- November 3, 2017
Driving Up Engineering, Technical & Scientific Jobs Part 3
Jobs creation rebounded last month with U.S. employers adding 261,000 in October. This resulted in the unemployment rate dropping to 4.1%, its lowest level since December 2000.
However, this was not a totally joyful scenario according to most economists, who expected 315,000 new jobs last month.
Unfortunately, as I shared the second part of this 4-part job creation series, one of the major tools governments are employing for job creation is cash incentives to recruit new jobs, companies and industries. This will probably be the centerpiece of the successful recruitment of Amazon’s second headquarters and expected hiring of 50,000.
Fortunately, there are better ways for recruiting more high paying jobs into the U.S. economy especially in the talent areas of R&D (research and development), scientific, engineering, IT (information technology), technical and manufacturing that my recruitment firm specializes in.
Labor Department Jobs Figures Satisfactory, But Not Great!
According to today’s Labor Department figures, wages rose only 2.4% from a year earlier, a slowdown from the prior month. The average hourly earnings for private-sector workers decreased by 1 cent or 0.04% last month to $26.53 an hour; falling short of economists’ expectations of a 0.2% monthly gain.
Though the Labor Department revised upward its September’s hiring figures, from the first drop in seven years, to a net creation of 18,000 new positions, a lot more needs to be done.
Additionally, service-sector employment, was the major contributor to October’s jobs growth. The leisure and hospitality sector added 106,000 jobs after losing 102,000 in September. This is versus high paying technology jobs requiring engineer, scientist, IT, R&D, technical and manufacturing professionals.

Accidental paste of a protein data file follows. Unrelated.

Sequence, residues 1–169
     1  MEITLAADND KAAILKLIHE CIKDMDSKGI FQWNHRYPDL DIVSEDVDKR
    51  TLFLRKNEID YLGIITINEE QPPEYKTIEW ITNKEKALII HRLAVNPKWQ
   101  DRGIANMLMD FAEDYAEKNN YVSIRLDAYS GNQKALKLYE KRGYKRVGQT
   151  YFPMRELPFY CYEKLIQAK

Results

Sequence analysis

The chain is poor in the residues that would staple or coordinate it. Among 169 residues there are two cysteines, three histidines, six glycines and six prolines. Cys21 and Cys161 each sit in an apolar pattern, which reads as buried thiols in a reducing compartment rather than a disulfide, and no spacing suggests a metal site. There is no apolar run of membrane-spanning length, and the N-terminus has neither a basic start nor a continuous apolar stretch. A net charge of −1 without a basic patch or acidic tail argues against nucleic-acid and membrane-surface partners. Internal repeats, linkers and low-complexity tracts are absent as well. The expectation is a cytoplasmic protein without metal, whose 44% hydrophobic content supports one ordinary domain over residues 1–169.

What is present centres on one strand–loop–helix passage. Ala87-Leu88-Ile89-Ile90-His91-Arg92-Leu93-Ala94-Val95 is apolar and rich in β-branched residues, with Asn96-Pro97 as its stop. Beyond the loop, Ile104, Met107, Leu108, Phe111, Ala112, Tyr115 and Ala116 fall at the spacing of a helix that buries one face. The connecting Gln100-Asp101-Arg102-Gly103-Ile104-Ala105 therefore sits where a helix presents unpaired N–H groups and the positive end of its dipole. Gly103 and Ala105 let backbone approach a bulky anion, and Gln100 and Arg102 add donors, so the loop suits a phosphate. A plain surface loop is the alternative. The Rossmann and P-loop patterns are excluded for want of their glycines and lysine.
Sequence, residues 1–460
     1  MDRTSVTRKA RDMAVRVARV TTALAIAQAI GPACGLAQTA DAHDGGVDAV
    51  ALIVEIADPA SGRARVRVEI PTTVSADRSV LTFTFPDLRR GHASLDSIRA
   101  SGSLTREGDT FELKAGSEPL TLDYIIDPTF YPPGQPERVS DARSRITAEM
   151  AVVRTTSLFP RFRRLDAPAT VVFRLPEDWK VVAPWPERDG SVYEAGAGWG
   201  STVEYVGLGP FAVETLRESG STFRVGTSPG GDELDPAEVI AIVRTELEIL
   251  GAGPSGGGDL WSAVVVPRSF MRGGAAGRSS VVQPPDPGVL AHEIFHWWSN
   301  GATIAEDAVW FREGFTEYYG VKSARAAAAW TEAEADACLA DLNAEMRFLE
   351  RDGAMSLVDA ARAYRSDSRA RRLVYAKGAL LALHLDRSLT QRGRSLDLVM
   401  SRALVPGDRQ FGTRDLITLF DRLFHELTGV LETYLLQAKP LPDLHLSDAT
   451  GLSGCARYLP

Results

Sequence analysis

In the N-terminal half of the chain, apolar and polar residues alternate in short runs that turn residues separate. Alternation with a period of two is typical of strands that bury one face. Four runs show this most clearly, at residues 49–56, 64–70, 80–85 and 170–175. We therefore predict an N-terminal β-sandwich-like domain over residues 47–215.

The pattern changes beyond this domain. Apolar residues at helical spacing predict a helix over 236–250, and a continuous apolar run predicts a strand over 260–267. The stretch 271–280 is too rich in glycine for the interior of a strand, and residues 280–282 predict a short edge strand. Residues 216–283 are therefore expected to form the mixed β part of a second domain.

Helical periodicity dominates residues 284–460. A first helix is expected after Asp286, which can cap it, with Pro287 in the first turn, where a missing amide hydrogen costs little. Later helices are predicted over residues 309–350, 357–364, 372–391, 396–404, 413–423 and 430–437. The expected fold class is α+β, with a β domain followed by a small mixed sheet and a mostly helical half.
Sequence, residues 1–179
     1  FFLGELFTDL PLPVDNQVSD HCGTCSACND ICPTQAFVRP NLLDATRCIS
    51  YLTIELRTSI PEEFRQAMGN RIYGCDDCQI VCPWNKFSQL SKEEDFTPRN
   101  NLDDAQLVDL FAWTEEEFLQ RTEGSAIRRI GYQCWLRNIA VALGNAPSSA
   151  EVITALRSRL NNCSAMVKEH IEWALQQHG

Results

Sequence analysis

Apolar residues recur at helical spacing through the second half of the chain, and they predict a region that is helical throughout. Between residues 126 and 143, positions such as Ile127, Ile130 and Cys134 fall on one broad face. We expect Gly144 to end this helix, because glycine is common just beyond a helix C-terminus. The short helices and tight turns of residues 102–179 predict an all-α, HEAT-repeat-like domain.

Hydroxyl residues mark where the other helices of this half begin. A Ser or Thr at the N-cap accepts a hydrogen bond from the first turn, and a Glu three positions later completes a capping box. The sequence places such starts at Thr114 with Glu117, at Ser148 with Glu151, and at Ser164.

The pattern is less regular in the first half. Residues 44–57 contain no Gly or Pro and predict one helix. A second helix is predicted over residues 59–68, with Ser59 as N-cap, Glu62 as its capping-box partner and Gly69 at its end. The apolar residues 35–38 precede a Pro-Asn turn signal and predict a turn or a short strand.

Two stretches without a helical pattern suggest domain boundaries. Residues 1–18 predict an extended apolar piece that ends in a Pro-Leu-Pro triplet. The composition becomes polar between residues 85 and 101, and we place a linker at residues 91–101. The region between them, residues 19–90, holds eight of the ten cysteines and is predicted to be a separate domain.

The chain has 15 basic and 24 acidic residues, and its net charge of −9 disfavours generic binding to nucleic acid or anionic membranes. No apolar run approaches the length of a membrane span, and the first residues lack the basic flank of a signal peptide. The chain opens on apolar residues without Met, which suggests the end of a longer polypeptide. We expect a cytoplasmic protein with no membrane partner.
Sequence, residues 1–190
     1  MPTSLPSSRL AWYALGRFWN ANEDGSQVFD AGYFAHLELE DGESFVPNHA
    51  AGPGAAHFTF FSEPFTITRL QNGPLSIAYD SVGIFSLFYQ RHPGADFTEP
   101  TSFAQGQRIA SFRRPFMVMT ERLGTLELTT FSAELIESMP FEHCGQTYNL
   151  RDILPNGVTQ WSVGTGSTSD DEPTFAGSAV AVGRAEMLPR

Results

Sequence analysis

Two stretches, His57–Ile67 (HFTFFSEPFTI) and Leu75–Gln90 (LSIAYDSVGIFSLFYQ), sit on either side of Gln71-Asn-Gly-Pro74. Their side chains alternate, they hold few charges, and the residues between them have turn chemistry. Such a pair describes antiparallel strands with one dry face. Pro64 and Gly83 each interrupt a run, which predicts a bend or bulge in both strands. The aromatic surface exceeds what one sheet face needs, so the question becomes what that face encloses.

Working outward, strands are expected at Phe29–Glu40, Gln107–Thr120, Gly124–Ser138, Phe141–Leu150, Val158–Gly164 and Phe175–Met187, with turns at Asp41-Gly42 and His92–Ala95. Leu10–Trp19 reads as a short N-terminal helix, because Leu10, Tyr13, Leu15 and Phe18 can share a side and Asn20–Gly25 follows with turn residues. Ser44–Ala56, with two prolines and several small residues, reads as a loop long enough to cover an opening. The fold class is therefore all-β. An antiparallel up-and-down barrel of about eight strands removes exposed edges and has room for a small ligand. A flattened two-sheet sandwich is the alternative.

Finally, the share of Americans participating in the labor force fell by 0.4 percentage point to 62.7% in October, the lowest reading since May. In October, 6.52 million workers who wanted a job couldn’t find one. And a broad measure of unemployment that includes Americans stuck in part-time jobs or too discouraged to look for work fell to 7.9%, matching its lowest level since 2006.
A Better Job Solution: More Small Business Cultivation!
In my last article I offered two job creation suggestions: a) assisting entrepreneurs like Peter Rahal founder of RXBAR, which Kellogg Company recently purchased for $600 million and b) focusing more efforts on nurturing R&D, scientific, engineering, IT, technical and manufacturing talent.
Related to those two points the Bureau of Labor Statistics and the Small Business Administration have compiled some interesting facts pointing to a greater need for small business cultivation. For example, were you aware that Small businesses create 2 out of 3 net new private-sector jobs?
Since the end of the Great Recession, small businesses (fewer than 500 employees) have created 62 percent (8.3 million) of the net new private-sector jobs (13.4 million), matching their historic rate over the last 25 years.
Additionally, existing businesses create close to 90 percent of new private-sector job gains. For both small and large firms, the bulk of new jobs are from expansions of existing firms. Observing the job gains over the last two decades, 87 percent of the job gains were from existing businesses and 13 percent were from startup business establishments.
As a result, a lot more needs to be done to both: 1) cultivate entrepreneurship and 2) assist on-going small businesses. This can include lower taxes and fewer government regulations that stifle entrepreneurs.
Additionally, more needs to be done to improve STEM education because future engineers, scientists and technical talent will create future technology businesses that will recruit the most jobs!
Final Part Of Jobs Creation Suggestions Coming Soon!
In my fourth and final part of this 4-part series on jobs creation ideas, I will offer another novel idea for boosting our job base. I hope you enjoy.